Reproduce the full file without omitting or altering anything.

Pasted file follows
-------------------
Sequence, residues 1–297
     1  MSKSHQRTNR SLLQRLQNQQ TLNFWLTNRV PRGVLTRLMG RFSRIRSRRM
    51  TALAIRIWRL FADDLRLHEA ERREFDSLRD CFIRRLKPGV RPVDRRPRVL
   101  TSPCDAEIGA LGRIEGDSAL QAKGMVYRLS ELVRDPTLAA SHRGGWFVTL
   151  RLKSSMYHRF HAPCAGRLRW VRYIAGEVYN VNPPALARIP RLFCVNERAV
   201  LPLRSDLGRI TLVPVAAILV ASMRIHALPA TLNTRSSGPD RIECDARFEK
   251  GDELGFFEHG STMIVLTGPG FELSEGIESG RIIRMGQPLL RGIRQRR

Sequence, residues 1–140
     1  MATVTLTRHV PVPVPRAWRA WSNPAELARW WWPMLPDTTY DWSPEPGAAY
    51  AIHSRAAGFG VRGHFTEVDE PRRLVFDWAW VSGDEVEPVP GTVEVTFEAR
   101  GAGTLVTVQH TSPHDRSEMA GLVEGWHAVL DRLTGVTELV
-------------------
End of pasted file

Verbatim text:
Sequence, residues 1–297
     1  MSKSHQRTNR SLLQRLQNQQ TLNFWLTNRV PRGVLTRLMG RFSRIRSRRM
    51  TALAIRIWRL FADDLRLHEA ERREFDSLRD CFIRRLKPGV RPVDRRPRVL
   101  TSPCDAEIGA LGRIEGDSAL QAKGMVYRLS ELVRDPTLAA SHRGGWFVTL
   151  RLKSSMYHRF HAPCAGRLRW VRYIAGEVYN VNPPALARIP RLFCVNERAV
   201  LPLRSDLGRI TLVPVAAILV ASMRIHALPA TLNTRSSGPD RIECDARFEK
   251  GDELGFFEHG STMIVLTGPG FELSEGIESG RIIRMGQPLL RGIRQRR

Sequence, residues 1–140
     1  MATVTLTRHV PVPVPRAWRA WSNPAELARW WWPMLPDTTY DWSPEPGAAY
    51  AIHSRAAGFG VRGHFTEVDE PRRLVFDWAW VSGDEVEPVP GTVEVTFEAR
   101  GAGTLVTVQH TSPHDRSEMA GLVEGWHAVL DRLTGVTELV